Washers are commonly used in conjunction with a threaded fastener. Bolts, for instance, are often inserted through the center of a washer. The washer will distribute the bolt’s load more evenly across the surface of the object, thus protecting the object from damage.
While most washers are flat, though, others are raised. They still have a circular shape, and they still have a hole in the center that supports a threaded fastener. Countersunk washers, though, are raised as opposed to being flat.
What Are Countersunk Washers?
Countersunk washers are washers that dip inward radially. In other words, they are raised on the sides. You can see an example of countersunk washers in the photo above. The sides of a countersunk washer are raised, but the center is relatively flat and not raised.
You can use countersunk washers by inserting a threaded fastener through the center of them. They still have a hole in the center, which is designed to accommodate a threaded fastener.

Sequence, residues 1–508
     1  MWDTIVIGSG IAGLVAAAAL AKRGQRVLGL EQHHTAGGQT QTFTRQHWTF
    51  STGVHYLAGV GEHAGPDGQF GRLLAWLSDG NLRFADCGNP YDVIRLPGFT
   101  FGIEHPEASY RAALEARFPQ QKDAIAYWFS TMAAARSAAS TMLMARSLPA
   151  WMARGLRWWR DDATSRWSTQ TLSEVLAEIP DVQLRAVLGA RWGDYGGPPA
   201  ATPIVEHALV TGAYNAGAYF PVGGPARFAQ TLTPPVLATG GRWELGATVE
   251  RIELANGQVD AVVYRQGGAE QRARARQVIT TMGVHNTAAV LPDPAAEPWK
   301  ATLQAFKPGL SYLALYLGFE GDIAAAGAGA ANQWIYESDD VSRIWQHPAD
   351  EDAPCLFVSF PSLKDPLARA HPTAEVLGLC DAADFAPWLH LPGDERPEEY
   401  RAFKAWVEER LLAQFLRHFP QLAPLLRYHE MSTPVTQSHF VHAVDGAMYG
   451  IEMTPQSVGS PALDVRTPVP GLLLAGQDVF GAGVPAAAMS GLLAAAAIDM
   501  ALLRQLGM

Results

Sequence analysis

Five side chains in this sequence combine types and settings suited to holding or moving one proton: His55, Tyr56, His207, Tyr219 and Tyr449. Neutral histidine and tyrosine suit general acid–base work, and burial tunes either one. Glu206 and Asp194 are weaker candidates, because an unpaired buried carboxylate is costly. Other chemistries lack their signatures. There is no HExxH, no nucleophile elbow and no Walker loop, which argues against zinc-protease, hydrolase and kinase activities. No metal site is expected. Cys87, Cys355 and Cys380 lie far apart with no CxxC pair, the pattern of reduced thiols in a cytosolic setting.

Benefits of Using Countersunk Washers
Like flat washers, countersunk washers can distribute the load of a bolt or other threaded fastener. Countersunk washers, however, are ideal for use with flat-head fasteners.
Both bolts and screws may feature a flat head. With a flat head, they’ll fit perfectly inside the canonical shape of a countersunk washer’s hole. The fastener’s head won’t protrude out. Rather, it will “sink” into the countersunk washer’s hole.
Countersunk washers are better protected against vibrations than flat washers. When installed, they’ll push against the object to resist vibrations. Countersunk washers essentially act as springs. Driving a threaded fastener through the center will force the sides of the countersunk washer to collapse, thus pushing against the object. The end result is greater protection against vibrations, which if left unchecked, could otherwise cause washers to loosen.
Things to Consider When Choosing Countersunk Washers
You can find countersunk washers available in different materials. Some of them are made of stainless steel, whereas others are made of bronze, brass, aluminum and more. When choosing countersunk washers, you should check to see what material or materials they are made of.
Don’t forget to consider then size when choosing countersunk washers. They are available in a variety of sizes. The diameter of the hole, of course, must match the diameter of the fastener with which you intend to use the countersunk washer. If it’s too big or too small, it may not support the fastener.